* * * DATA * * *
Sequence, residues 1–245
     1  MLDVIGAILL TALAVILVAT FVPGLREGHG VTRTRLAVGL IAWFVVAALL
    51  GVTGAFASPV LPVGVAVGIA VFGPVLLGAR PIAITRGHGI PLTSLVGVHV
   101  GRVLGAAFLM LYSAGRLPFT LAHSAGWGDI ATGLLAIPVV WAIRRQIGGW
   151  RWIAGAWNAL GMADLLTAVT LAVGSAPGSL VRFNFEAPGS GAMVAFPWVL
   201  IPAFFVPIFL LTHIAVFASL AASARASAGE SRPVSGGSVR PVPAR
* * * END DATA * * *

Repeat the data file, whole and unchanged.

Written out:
Sequence, residues 1–245
     1  MLDVIGAILL TALAVILVAT FVPGLREGHG VTRTRLAVGL IAWFVVAALL
    51  GVTGAFASPV LPVGVAVGIA VFGPVLLGAR PIAITRGHGI PLTSLVGVHV
   101  GRVLGAAFLM LYSAGRLPFT LAHSAGWGDI ATGLLAIPVV WAIRRQIGGW
   151  RWIAGAWNAL GMADLLTAVT LAVGSAPGSL VRFNFEAPGS GAMVAFPWVL
   201  IPAFFVPIFL LTHIAVFASL AASARASAGE SRPVSGGSVR PVPAR